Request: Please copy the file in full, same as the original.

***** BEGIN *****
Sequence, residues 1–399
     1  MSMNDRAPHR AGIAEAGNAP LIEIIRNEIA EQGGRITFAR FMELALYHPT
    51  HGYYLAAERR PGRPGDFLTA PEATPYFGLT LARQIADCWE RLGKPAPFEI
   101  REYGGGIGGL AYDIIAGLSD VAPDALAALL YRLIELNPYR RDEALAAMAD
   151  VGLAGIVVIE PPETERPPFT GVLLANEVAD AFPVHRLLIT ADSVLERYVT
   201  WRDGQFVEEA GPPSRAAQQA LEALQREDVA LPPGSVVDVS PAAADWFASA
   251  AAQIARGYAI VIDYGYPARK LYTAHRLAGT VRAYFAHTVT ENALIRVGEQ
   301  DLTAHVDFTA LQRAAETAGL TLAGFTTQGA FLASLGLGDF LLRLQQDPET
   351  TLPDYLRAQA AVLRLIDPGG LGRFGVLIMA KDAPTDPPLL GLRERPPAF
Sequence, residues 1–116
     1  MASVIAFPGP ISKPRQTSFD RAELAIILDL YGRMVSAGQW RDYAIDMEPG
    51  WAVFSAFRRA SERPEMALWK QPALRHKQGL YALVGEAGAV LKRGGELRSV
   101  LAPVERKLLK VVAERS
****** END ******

Sequence, residues 1–399
     1  MSMNDRAPHR AGIAEAGNAP LIEIIRNEIA EQGGRITFAR FMELALYHPT
    51  HGYYLAAERR PGRPGDFLTA PEATPYFGLT LARQIADCWE RLGKPAPFEI
   101  REYGGGIGGL AYDIIAGLSD VAPDALAALL YRLIELNPYR RDEALAAMAD
   151  VGLAGIVVIE PPETERPPFT GVLLANEVAD AFPVHRLLIT ADSVLERYVT
   201  WRDGQFVEEA GPPSRAAQQA LEALQREDVA LPPGSVVDVS PAAADWFASA
   251  AAQIARGYAI VIDYGYPARK LYTAHRLAGT VRAYFAHTVT ENALIRVGEQ
   301  DLTAHVDFTA LQRAAETAGL TLAGFTTQGA FLASLGLGDF LLRLQQDPET
   351  TLPDYLRAQA AVLRLIDPGG LGRFGVLIMA KDAPTDPPLL GLRERPPAF
Sequence, residues 1–116
     1  MASVIAFPGP ISKPRQTSFD RAELAIILDL YGRMVSAGQW RDYAIDMEPG
    51  WAVFSAFRRA SERPEMALWK QPALRHKQGL YALVGEAGAV LKRGGELRSV
   101  LAPVERKLLK VVAERS